We lost my mother, Deborah Monas, on Sunday evening. I was giving her a head rub; my sister Hannah held her hands; my dad Oscar and her brother Steve were at her feet.
How is this possible? The world doesn’t feel real.
When I was a small child, we used to pull out the sofabed in our postgraduate student flat and watch Doctor Who together under a blanket. What I would give for a TARDIS now: a way to correct the fabric of time and space. Clearly something is badly wrong with it.
I want to have something perfect to say, some beautiful encapsulation of who she was, but the truth is that nothing could be perfect enough. There’s no way to write a biography that isn’t an imperfect model. Nothing can adequately describe my beautiful mother: her overwhelming kindness, her sense of justice, her irreverence for tradition and institutions, the love that our house was always, always filled with.
I’ve written a lot about her health in this space. She had dyskeratosis congenita, which first expressed itself as pulmonary fibrosis. She fought it hard. When she began to use supplementary oxygen, my sister and I moved to California to be closer. The double lung transplant she received at UCSF gave us almost an extra decade of time with her, and it was a privilege to be by her side, with my dad and my sister, on this journey.
She loved reading, and both Hannah and I got to share those experiences with her. Hannah read to Ma for years: books by authors like Wade Davis, Octavia Butler, and Tommy Orange. Ma and I shared book recommendations; this year we read Caste and The Nickel Boys, among others. Even as it became harder to read in print, she picked up audiobooks, and kept going, recording what she’d read in a notebook she kept by her bed.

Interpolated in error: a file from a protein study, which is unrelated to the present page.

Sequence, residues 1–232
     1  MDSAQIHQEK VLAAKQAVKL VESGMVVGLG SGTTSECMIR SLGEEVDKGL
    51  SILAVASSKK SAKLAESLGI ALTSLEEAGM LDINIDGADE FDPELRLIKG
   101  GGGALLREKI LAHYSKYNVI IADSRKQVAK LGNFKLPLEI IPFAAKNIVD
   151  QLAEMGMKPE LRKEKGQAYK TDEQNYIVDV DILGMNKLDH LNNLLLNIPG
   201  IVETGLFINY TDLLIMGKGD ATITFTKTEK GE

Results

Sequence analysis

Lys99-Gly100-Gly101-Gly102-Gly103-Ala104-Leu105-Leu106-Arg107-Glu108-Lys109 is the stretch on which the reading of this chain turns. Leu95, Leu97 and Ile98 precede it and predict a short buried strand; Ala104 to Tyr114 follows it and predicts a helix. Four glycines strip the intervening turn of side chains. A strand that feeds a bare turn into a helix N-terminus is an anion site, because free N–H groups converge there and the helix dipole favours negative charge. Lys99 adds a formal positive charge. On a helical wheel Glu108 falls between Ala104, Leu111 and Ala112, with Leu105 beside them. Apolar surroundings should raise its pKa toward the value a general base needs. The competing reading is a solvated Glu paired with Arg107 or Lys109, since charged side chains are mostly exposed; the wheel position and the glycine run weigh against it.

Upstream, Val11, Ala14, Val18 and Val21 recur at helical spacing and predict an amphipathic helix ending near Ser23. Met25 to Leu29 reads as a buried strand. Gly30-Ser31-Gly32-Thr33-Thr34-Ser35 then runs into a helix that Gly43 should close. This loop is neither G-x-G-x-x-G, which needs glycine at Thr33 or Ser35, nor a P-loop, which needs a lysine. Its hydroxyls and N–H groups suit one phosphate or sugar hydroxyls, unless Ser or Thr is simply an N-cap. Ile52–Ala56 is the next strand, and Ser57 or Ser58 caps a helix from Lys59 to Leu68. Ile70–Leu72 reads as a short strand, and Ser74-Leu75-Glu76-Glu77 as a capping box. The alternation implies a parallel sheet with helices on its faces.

Years ago, we were gifted a Sunfish sailing boat by our family friend Pammy Biscoe. The two of them had sailed on it when they were much younger. Now it became her and my thing: she was happiest out on Waquoit Bay, our striped sails catching the wind just right. She called it a Whoosh. I’ll remember her in an infinity of ways, in an infinity of moments, but being out on the water with her, watching her smile as we picked up speed, is one I’ll treasure the most.
When my parents met, in Berkeley in the 1970s, she worked to fight for affirmative action and tenants’ rights. Her belief and support for progressive causes was an anchor throughout her life. We discovered this week that she had quietly made over 178 progressive donations last year alone, without any of us really knowing. A list of some of the causes she consistently supported follows at the end of this post; in lieu of flowers, we’re asking people to contribute if they have the means.
I want to honor her by furthering what she put into the world. The loving, non-conformist, irreverent, equity-minded spirit that she embodied.
As she lay in her hospital bed, we read Ma messages from people who loved her throughout her life. One, from Hannah’s friend Anita Hurrell, particularly sums up our collective childhood, and the sensibility I want to take forward in my own life, inspired by my mother. I’ll end by sharing it here, with kind permission.
One time you drove us in the van to the seaside and we ate sandwiches with cucumber in them and I thought they tasted delicious and I felt this strong sense of deep content sitting with Hannah in the back listening to her singing and humming for the whole journey. I have no idea where we went, and in my head it was nowhere in England, but rather part of the big-hearted, loving, funny, relaxed, non-conformist world of your family in my childhood - full of your laughter and your enormous kindness. Sitting on the bench in your house in Marston I recall a moment of feeling complete certainty that your pirozhki were the yummiest food that had ever been made. Staying in Wheatley when my mum and dad had gone away we ate popcorn and I felt safe even though at the time I had lost Blue Bear. I remember calling you my second mummy. I'm not sure I was always a very nice kid and was probably very ungrateful then, but now I wish I could convey how I revere you, Oscar, Ben and Hannah in my thoughts and how lucky I feel to keep your example with me. I look back and see how talented Hannah already was then when we were so little and she could just sing and sing and draw in a magic way, how cool she was (her doll Manuela had beautiful black wild curly hair while I chose Charlotte with twee clothes and ridiculous ringlets), what a true feminist you were, how much of parenting you seemed to do much better than we do these days, how generous and homemade and fun and kind the world you and Oscar made was.
You are an asset to the universe. I will always love you very much.
Causes Ma consistently supported: